The great George Lucas has been making the rounds with a modestly titled book, “George Lucas’s Blockbusting: A Decade-by-Decade Survey of Timeless Movies Including Untold Secrets of Their Financial and Cultural Success.” Much as I believe and have cited his work to be the greatest failure of the decade, I would point out that is only because of the prior heights to which he rose and the expectations we all had. I fear greatly for President Obama too.
Well ol’ Lucas was kind of mediocre on the Daily Show, or maybe it was actually *gasp* Jon Stewart who was, but his interview on NPR was somewhat captivating. He talked about his archetypal 1960’s coming of age/cruising film, “American Graffiti” (1973), which has been deemed so culturally important it has been preserved by the National Film Registry. The all American soundtrack is in the Library of Congress.
Lucas broke down the meager cost of obtaining that huge catalog of music and how drastically the studio underestimated the appeal of an all-soundtrack (no score) flick.
“They said you can’t just put that much music in a movie, it won’t work. And you can’t – you have to score it. You can’t just throw songs on it. It’s not going to work. It’s because nobody had ever done it before.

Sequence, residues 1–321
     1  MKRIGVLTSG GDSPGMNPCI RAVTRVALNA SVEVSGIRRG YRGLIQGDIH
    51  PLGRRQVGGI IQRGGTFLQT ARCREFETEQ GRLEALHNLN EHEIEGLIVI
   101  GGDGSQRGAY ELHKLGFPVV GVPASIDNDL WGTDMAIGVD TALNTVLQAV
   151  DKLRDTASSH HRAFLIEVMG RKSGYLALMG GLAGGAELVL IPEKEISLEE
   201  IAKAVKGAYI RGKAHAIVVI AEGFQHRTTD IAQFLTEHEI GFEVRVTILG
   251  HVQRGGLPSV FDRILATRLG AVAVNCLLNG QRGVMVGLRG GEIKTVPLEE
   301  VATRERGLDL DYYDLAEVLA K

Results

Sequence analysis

So I did it. We made the movie. We put the music in there.[For only] $70,000, and at the time we said, look, for another $5,000 per song we can get you the record rights to this. And they said no, no, no, no, we don’t want any record rights. We don’t want anything….
A year later, the studio went to do an [“American Graffiti”] album after the film was a giant hit, and it cost them a million dollars…”
They should have paid the extra 5 grand a song. On the subject of the future of movie theaters in the face of increasingly comfy an convenient home theater solutions Lucas conjured the Nation’s most beloved football team.
“I always tell people, I say look, as long as Green Bay Packer fans go in the 70-below-zero weather, in the snow, to watch a game they can’t actually see because they all want to be together and scream together and have a good time together, the movie industry is safe.”
Good point. He goes on to say that theaters will have to evolve, include more amenities, become a refined communal experience, but they’ll adjust. He’s probably right, as usual – whether someone like me enjoys it or not remains to be seen.
Listen to the whole interview @ NPR.